KATHERINE HEARS THE SLY STEP OF DEATH AT THE CEDARS
The night of his grandfather’s mysterious death at the Cedars, Bobby Blackburn was, at least until midnight, in New York. He was held there by the unhealthy habits and companionships which recently had angered his grandfather to the point of threatening a disciplinary change in his will. As a consequence he drifted into that strange adventure which later was to surround him with dark shadows and overwhelming doubts.
Before following Bobby through his black experience, however, it is better to know what happened at the Cedars where his cousin, Katherine Perrine was, except for the servants, alone with old Silas Blackburn who seemed apprehensive of some sly approach of disaster.
At twenty Katherine was too young, too light-hearted for this care of her uncle in which she had persisted as an antidote for Bobby’s shortcomings. She was never in harmony with the mouldy house or its surroundings, bleak, deserted, unfriendly to content.
Bobby and she had frequently urged the old man to give it up, to move, as it were, into the light. He had always answered angrily that his ancestors had lived there since before the Revolution, and that what had been good enough for them was good enough for him. So that night Katherine had to hear alone the sly stalking of death in the house. She told it all to Bobby the next day—what happened, her emotions, the impression made on her by the people who came when it was too late to save Silas Blackburn.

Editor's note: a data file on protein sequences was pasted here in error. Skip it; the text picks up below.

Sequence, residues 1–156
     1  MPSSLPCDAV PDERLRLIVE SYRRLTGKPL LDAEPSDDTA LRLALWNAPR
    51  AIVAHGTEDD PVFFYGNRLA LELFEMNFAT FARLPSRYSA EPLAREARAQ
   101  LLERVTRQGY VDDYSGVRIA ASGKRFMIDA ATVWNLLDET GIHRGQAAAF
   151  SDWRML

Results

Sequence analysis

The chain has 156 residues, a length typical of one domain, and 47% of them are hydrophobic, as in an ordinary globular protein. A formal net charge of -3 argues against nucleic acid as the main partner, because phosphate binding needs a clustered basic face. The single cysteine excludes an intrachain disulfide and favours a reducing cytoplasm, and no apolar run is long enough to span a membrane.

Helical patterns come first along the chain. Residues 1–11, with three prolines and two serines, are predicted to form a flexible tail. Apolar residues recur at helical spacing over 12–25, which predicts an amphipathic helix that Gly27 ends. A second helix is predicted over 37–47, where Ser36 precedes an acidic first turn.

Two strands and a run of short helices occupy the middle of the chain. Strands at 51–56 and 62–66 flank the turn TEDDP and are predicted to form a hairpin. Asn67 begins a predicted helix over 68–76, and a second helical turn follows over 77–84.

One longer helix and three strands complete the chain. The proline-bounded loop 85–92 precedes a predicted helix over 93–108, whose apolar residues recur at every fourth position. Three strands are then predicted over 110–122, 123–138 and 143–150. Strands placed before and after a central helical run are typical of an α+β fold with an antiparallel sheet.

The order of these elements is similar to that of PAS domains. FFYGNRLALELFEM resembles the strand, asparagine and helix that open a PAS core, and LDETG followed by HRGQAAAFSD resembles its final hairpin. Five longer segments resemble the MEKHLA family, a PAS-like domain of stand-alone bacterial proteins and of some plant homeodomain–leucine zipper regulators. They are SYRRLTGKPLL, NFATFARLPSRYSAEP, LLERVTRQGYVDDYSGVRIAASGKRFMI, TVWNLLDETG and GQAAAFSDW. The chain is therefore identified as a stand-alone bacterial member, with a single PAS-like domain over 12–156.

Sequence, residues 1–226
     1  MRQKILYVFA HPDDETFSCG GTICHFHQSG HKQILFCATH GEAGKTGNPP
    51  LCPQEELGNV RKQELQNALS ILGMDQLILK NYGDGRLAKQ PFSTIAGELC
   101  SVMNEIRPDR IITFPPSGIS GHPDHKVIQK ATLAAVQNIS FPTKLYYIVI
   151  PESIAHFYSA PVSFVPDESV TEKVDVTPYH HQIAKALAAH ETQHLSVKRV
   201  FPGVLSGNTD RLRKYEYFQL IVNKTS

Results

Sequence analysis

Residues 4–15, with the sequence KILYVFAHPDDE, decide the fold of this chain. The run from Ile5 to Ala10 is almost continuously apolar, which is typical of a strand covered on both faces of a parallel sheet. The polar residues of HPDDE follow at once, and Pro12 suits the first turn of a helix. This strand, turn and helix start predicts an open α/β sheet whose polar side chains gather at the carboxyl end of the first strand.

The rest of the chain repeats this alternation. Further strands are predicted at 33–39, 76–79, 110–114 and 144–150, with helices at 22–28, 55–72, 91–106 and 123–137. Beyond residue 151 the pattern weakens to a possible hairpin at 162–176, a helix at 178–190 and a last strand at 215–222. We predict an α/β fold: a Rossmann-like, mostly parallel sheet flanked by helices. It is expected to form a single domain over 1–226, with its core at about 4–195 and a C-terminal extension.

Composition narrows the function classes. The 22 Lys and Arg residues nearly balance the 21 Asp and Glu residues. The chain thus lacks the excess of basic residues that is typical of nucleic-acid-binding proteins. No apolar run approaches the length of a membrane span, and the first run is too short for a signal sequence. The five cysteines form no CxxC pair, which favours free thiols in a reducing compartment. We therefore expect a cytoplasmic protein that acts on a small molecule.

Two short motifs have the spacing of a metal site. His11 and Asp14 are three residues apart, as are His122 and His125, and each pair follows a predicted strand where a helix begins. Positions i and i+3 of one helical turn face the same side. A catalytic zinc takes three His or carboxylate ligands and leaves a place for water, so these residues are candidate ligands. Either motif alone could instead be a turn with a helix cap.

She said, then, that the old man had behaved oddly for several days, as if he were afraid. That night he ate practically no dinner. He couldn’t keep still. He wandered from room to room, his tired eyes apparently seeking. Several times she spoke to him.
“What is the matter, Uncle? What worries you?”
He grumbled unintelligibly or failed to answer at all.
She went into the library and tried to read, but the late fall wind swirled mournfully about the house and beat down the chimney, causing the fire to cast disturbing shadows across the walls. Her loneliness, and her nervousness, grew sharper. The restless, shuffling footsteps stimulated her imagination. Perhaps a mental breakdown was responsible for this alteration. She was tempted to ring for Jenkins, the butler, to share her vigil; or for one of the two women servants, now far at the back of the house.
“And Bobby,” she said to herself, “or somebody will have to come out here to-morrow to help.”
But Silas Blackburn shuffled in just then, and she was a trifle ashamed as she studied him standing with his back to the fire, glaring around the room, fumbling with hands that shook in his pocket for his pipe and some loose tobacco. It was unjust to be afraid of him. There was no question. The man himself was afraid—terribly afraid.
His fingers trembled so much that he had difficulty lighting his pipe. His heavy brows, gray like his beard, contracted in a frown. His voice quavered unexpectedly. He spoke of his grandson: